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By New_Deal_democrat May 24, 2018 11:32 am
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April 2018 housing summary
Let's take a look at the very leading housing market, now that we have all of the major reports for April.
To recap, the single most leading and least volatile housing report is single family permits. This last made an expansion high two months ago in February:
but there has been no break in the underlying rising trend.
So this is very potent evidence just by itself that the economy should continue to progress over the next 12 months.
That being said, interest rates tend to lead permits by 6 to 9 months. Meanwhile, permits tend to lead house prices by about 9 to 12 months. Because there is a very potent demographic tailwind in the form of the large Millennial generation having reached home buying age, a bigger increase than usual in interest rates would be necessary to overcome that support.
The next two graphs compare the YoY change in mortgage interest rates (blue, inverted) with single family permits (red), and median new single family home prices (green, quarterly) for the last 50+ years:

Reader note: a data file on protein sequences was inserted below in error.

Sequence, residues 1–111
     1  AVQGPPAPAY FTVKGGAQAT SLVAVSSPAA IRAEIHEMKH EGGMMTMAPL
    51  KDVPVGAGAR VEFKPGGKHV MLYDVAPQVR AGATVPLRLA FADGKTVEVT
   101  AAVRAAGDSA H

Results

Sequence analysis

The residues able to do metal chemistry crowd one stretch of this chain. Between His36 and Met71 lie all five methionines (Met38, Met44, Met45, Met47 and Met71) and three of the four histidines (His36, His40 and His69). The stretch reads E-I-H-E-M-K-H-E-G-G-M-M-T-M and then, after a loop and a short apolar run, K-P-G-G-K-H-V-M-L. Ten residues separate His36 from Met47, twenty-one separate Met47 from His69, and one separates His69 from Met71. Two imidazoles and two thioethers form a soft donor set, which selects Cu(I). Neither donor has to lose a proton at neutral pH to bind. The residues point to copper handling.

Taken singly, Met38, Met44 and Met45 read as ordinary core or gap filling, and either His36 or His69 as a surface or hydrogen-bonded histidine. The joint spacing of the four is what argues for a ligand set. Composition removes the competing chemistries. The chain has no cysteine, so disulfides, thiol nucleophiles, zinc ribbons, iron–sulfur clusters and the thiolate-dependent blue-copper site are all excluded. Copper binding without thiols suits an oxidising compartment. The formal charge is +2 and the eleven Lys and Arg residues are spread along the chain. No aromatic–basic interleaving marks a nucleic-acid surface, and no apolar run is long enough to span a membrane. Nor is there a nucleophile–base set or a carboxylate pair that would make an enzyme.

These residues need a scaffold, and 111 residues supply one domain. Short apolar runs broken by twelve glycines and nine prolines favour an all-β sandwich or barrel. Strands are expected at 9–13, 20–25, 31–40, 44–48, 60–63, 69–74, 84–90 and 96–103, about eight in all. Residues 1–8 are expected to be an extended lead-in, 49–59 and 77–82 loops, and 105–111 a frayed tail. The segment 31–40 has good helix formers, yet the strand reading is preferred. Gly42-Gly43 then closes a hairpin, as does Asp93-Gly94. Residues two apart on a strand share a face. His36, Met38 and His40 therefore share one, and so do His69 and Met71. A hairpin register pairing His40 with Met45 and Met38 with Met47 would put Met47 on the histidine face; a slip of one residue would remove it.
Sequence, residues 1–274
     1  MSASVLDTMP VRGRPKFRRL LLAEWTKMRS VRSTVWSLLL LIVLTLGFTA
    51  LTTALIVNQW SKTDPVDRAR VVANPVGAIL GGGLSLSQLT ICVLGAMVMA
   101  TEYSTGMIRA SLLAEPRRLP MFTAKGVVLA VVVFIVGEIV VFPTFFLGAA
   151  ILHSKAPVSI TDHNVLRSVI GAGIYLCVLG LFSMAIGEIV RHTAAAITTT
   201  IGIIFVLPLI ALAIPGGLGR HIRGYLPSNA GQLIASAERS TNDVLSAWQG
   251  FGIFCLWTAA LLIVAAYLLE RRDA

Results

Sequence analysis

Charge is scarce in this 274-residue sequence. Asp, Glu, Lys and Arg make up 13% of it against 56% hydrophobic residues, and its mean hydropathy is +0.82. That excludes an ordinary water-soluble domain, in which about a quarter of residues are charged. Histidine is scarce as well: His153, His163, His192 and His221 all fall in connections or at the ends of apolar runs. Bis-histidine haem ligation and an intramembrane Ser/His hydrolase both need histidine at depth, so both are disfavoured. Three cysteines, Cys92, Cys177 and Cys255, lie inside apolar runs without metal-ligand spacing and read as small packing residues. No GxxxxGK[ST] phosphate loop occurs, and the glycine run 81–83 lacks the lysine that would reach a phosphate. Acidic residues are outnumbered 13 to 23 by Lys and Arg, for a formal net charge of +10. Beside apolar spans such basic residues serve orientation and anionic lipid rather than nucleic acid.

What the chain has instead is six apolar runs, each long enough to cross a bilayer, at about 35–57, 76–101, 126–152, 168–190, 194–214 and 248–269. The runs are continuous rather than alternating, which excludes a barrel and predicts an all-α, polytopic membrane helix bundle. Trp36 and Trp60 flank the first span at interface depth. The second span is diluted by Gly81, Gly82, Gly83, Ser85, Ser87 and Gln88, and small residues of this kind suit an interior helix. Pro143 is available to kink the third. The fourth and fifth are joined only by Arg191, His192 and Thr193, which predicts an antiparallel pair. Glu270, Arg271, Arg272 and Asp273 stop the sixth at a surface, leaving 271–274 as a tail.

Now here is a close-up of the last 5 years. All three series are averaged quarterly to cut down on the noise:
The recent increase in the YoY% change in house prices (green) follows the YoY% increase in sales during early 2017, which in turn followed the YoY decrease in mortgage rates in late 2016.
The 2017 increase in mortgage rates looks like it is feeding through into the YoY% change in sales early this year, and price increases may moderate later this year.
Although I pay less attention to new and existing home sales, let's close out with a brief look at them. The former is far too volatile, and often revised more than 5% from the initially reported number, and the latter has much less of an economic impact.
Here is a graph I ran several months ago, showing that existing home sales (blue) had stalled since about July 2015, while new home sales had grown about 25%:
This continues to remain the case, as existing home sales, which were 5.59 million annualized in July 2105, were 5.60 M in March, and 5.46 M in April, just reported. Prices were up 5.3% YoY.
Meanwhile, new home sales, even after revisions have exceeded 650,000 annualized in each of  the last 3 months, after only having exceeded that number once previously during this expansion (last November). Although median prices stumbled in April (up only 0.2% YoY), they are very volatile, and the 3 month average is +5.1% YoY.
In sum, there is no sign yet in the monthly data for April that the housing market is about to roll over. It will take a more sustained period of higher interest rates, and further price increases, to overcome the demographic support underlaying the market.
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